The phrase ’balls-up’ might have been invented to describe the
latest fiasco to hit Camelot, operators of the National Lottery. The
wrong set of balls were loaded into a lottery machine during the debut
of its new scratchcard TV show, making a second draw necessary. Camelot
said it would honour the numbers selected from both draws and would meet
the extra hundreds of thousands of pounds in payout from its own
The TV Dreams scratchcard game was developed in a bid to revive falling
scratchcard sales and simultaneously breathe new life into the National
Lottery’s live Saturday night TV show. Condemned in advance as a blatant
50-minute commercial which breached BBC regulations and encouraged
gambling, the National Lottery Big Ticket’s premiere was launched amid
endemic hype and controversy.
Hosted by Anthea Turner and comedian Patrick Kielty, it was initially
deemed a great success by those taking part. But the laughs and
post-show euphoria were short-lived. After the programme ended, an
embarrassing error was found to have been made. Balls numbered 21 to 40
had been used instead of the full set of numbers from 21 to 50 when
loading the machine for drawing the third number.
Camelot’s response was quick and text-book. A repeat draw took place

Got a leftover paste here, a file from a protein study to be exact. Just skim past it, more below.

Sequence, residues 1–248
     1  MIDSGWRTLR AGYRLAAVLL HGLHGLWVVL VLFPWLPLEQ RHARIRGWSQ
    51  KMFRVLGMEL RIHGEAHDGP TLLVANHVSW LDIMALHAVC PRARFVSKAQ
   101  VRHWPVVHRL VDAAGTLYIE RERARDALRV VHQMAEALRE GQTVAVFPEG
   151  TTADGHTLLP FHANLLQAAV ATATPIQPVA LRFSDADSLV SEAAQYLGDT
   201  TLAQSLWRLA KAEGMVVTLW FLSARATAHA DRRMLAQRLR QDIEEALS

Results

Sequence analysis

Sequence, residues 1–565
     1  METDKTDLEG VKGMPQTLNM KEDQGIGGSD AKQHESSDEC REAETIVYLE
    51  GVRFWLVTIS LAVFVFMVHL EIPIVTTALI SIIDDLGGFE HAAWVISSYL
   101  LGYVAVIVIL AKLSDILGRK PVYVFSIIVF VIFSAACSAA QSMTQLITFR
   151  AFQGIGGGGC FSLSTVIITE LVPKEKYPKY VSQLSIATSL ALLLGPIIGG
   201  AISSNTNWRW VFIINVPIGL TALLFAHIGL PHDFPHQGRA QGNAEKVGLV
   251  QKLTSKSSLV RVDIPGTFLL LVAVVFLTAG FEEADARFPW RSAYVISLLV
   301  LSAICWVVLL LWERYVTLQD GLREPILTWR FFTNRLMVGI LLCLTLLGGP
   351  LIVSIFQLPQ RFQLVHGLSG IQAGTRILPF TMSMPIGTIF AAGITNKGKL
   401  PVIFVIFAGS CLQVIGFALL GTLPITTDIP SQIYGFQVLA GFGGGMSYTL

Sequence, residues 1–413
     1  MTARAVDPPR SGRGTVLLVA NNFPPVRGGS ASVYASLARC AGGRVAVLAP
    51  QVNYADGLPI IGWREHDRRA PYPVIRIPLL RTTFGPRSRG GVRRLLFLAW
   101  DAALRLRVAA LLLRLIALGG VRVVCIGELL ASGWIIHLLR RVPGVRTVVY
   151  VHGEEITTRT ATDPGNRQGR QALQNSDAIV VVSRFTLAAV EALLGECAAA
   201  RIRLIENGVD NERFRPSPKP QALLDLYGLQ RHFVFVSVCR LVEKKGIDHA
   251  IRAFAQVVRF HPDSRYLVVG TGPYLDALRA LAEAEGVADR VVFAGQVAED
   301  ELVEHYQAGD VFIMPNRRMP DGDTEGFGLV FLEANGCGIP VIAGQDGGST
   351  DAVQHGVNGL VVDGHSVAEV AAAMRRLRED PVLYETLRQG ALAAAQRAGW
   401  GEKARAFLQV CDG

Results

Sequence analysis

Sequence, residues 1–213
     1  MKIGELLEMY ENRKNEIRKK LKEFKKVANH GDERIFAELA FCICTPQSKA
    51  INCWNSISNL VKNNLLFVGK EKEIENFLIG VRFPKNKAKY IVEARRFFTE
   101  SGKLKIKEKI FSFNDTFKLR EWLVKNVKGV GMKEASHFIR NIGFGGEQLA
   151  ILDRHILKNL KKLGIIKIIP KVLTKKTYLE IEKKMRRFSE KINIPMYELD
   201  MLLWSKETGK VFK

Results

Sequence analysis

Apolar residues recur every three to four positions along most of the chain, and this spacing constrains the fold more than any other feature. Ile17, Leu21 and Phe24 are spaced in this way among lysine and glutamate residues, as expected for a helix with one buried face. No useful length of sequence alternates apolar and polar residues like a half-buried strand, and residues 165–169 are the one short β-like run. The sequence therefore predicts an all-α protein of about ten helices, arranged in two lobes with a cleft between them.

under the eyes of auditors from Oflot and Price Waterhouse - the fact
that they had been supposedly supervising the original selection went
largely unremarked. The BBC announced the mistake and the results of the
new draw the same evening.
Camelot apologised, accepted responsibility for this ’human error’ and
agreed to bear the full cost of both draws. The punters wouldn’t
The charities wouldn’t suffer. It seemed that even the human, new
drawmaster and former Camelot press officer Steve Webb, wouldn’t suffer.
Variously reported as ’gutted’, ’inconsolable’ and ’heartbroken’ at the
shattering of his ’TV dream’, he would keep his job. They weren’t
apportioning blame, said a Camelot spokeswoman, even though ’Steve
ultimately carries the can’. Just as well - can you imagine the outcry
if Goliath Camelot had put the boot into the hapless Steve.
Unfortunately this whole episode demonstrates that a company needs more
than text-book responses by the press office to save or restore its
Operational sloppiness has left Camelot looking foolish and incompetent
just when it needs to be beyond reproach, especially in the wake of the
G-Tech crisis. A costly balls-up indeed.